I may have mentioned to you by now, dear reader, that my English professor lectured this morning on Stephenie Meyer’s novel Twilight, and that our discussion section in the afternoon also dealt in large part with that book. I read it (okay, most of it) earlier this week, after spending the past few years trying to avoid doing just that. As I read the reviews of Twilight, its sequels, and the ensuing movie, I remained profoundly troubled by something amorphous about the way the series portrays its protagonist’s relationship to sexuality and to other non-sexual interpersonal reactions. When talking to others, I repeated the reviews’ sentiments: Bella (said protagonist) is not a real character; she’s just a conduit for desire. The books push pretty hard some themes about chastity, traditional notions of feminine motherhood, male chivalry, and other aspects of a conservative construction of gender, sexuality, and family. I said again and again, particularly when thinking of girls I know who are in the books’ target age range: is this the sort of universe, with the sort of values, that we want to encourage our girls and young women to take pleasure in?
Being asked to take the books seriously for class this week, and to consider them as a work of literature and a social statement, did revise how I thought about them. Actually reading them did, too. My impression of Bella is not entirely that she is a conduit for male desire: in fact, her identity as a shy know-it-all, who becomes obsessed with not just Edward’s charm, but a smartness and quickness that can match her own, came perilously close to echoing my own adolescent experience. In fact, I became profoundly uncomfortable with just how much I could recognize my own teenage fetishization of that one kid in my classes whose maturity, exoticism, eccentricity, and wit would always stand out to me. The knowledge that I might have been like that, like the Bella the reviews demonized, was enough to make me stop reading at points.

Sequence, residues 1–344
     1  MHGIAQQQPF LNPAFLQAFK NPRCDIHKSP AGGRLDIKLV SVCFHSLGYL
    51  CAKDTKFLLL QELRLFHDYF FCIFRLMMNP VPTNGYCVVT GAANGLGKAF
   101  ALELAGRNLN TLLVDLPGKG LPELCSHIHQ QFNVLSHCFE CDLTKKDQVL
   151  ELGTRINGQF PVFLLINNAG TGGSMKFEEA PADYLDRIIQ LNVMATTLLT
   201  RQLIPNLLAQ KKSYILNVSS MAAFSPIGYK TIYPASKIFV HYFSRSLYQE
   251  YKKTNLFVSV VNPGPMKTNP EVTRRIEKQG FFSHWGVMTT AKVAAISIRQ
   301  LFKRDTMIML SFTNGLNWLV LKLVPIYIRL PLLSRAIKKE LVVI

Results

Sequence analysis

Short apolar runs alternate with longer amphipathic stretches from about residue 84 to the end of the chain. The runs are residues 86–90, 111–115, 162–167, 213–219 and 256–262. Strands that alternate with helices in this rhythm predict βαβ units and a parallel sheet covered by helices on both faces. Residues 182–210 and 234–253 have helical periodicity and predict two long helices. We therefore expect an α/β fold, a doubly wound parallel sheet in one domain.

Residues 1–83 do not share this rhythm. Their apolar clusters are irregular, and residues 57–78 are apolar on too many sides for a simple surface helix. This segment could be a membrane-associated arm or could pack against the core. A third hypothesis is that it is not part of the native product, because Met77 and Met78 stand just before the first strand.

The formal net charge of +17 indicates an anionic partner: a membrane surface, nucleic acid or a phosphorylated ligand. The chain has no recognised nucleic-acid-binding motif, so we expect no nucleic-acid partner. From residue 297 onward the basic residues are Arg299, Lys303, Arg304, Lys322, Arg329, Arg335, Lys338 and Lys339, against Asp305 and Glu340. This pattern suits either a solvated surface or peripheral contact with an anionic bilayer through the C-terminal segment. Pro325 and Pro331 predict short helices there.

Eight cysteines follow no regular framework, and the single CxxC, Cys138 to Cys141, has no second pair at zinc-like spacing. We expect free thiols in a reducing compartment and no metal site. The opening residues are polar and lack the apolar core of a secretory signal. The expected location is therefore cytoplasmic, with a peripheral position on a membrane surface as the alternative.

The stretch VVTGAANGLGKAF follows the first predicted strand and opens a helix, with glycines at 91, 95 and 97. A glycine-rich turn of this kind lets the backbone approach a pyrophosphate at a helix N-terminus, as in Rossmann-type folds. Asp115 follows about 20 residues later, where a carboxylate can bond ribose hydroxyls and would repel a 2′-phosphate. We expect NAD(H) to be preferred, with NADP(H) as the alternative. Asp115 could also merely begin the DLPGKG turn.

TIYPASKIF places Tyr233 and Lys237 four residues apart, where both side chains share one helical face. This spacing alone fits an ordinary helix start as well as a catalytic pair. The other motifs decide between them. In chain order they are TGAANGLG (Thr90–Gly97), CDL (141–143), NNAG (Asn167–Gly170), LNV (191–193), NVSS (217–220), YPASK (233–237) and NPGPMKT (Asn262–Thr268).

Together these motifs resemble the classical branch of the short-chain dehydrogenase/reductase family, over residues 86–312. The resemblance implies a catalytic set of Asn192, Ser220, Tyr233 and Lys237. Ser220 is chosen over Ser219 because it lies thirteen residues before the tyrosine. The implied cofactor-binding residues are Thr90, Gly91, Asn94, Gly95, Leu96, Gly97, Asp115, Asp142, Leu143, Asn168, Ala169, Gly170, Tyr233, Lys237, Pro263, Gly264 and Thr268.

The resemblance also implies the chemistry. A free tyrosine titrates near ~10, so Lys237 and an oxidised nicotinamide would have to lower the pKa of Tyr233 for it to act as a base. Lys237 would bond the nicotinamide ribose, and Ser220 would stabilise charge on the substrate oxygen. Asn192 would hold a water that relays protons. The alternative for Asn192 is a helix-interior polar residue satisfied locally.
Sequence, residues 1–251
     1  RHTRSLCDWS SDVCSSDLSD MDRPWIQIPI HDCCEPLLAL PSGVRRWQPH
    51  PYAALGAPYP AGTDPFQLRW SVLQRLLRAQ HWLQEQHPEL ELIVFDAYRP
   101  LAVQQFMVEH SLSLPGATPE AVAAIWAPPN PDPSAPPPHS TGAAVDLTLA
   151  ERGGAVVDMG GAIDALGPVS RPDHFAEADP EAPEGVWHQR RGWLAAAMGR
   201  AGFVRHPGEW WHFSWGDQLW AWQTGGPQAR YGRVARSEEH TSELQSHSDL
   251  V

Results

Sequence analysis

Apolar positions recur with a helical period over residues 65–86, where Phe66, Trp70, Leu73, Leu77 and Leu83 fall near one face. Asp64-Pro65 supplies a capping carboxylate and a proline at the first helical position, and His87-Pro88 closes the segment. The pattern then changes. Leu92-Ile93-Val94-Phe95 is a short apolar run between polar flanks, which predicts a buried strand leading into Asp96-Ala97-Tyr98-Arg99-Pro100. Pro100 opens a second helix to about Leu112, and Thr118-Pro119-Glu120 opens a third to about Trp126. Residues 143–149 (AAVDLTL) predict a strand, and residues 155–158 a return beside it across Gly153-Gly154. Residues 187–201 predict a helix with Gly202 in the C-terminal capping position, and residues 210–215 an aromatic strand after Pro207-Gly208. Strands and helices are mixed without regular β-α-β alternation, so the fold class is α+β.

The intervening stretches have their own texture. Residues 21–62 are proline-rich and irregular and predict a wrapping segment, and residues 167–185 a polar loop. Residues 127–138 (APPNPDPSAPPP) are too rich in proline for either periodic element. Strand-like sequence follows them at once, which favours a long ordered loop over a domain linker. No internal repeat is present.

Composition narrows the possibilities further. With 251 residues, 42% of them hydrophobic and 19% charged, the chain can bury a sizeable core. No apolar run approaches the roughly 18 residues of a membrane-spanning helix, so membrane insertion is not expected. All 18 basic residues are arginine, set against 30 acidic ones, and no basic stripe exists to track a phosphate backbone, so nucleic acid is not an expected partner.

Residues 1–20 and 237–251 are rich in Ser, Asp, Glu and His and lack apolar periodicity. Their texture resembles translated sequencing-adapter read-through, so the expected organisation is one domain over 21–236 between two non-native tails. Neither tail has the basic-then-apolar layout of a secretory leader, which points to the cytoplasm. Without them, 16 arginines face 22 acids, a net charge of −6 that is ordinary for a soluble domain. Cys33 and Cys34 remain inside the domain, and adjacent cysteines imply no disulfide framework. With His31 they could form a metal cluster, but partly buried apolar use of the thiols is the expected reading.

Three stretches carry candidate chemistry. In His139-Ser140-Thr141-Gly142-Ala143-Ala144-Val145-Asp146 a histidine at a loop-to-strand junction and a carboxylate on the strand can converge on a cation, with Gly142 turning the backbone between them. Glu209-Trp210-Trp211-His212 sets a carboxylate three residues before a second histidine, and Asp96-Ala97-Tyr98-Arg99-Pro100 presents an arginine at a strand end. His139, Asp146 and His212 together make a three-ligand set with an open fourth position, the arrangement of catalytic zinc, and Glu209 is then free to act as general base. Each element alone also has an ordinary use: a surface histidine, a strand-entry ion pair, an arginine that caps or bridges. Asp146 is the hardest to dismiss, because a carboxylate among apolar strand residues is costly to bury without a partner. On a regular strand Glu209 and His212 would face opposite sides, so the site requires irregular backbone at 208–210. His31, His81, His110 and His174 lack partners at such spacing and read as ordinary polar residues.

By contrast, when my professor lectured this morning, I hung onto every word (she is such a brilliant woman). She had some interesting things to say about how race and class are represented in Twilight, but what really grabbed me (of course) was her discussion of sexuality. She dwelt on the way that bodily fluids and bloodletting play out in this novel about vampires: Twilight dwells on childbirth, but there is no mention of menstruation (which you would think would be a pertinent issue in a universe where blood is something of a sexual stimulant). My professor discussed moments of defloration, comparing Bella’s impregnation to the point at which she is turned into a vampire. She brought up a very interesting and kind of disconcerting point about what Bella’s “change” into a vampire could be saying about menopause and the loss of fertility. And, she said, Twilight is oddly hygienic, for a universe that should revolve around blood. There are no sexually transmitted diseases in Twilight—a fact that stuck out to me for the reasons this blog probably demonstrates. There is no threat of AIDS.
My professor went on to talk about the polymorphous perversity (best phrase EVAR) of vampiric sexuality, its infantile nature, the inherent necrophilia in loving a vampire (which Meyer describes as “a walking corpse”), the oral sadism of the vampire’s bite. But, of course, there is no homosexuality in Twilight. Despite the obvious ambiguity of Edward’s sexual appeal, there are no gay couples in Forks, WA. There are no explicitly gay vampires. Bella herself doesn’t experience same-sex attraction. My professor suggested (and I thought this was really interesting) that closeting a standard social construction of homosexuality and gayness in the Twilight world allows Meyer to be freer with the polymorphous perversity, and with the other transgressive aspects of vampiric sexuality.
But I still feel as if the degree to which key aspects of sexuality are omitted from Twilight problematizes the aspects which are left in. And that’s consoling, in a way, because it means I don’t have to fear relating entirely to Bella and her experience of sexual awakening. Bella has no crisis of sexual identity. Neither do her vampire friends and lovers (but maybe that’s just because they’ve had hundreds of years to construct an identity). There are no labels in Twilight. There are no communities of sexuality. And when my class was discussing this series of books, and some folks in my class were talking about how much they could identify with Bella, I didn’t—entirely—feel as if I could contribute. For all that it confuses clear-cut sexualities; for all that it builds upon and complicates our traditional notion of the innocent love story, it is still profoundly and aggressively heteronormative. It excludes those who acknowledge anti-heteronormativity, and only includes those for whom transgressive sexuality unravels along with the thread of Meyer’s plot by the time the fourth book comes along.
Some of my fears about what this book says about our culture were allayed by reading it. I think I might moderate my ranting against it from here on out. But in other ways, I’m still very confused and somewhat disconcerted by what aspects of human sexuality Stephenie Meyer has chosen to put in, and what she has chosen to leave out.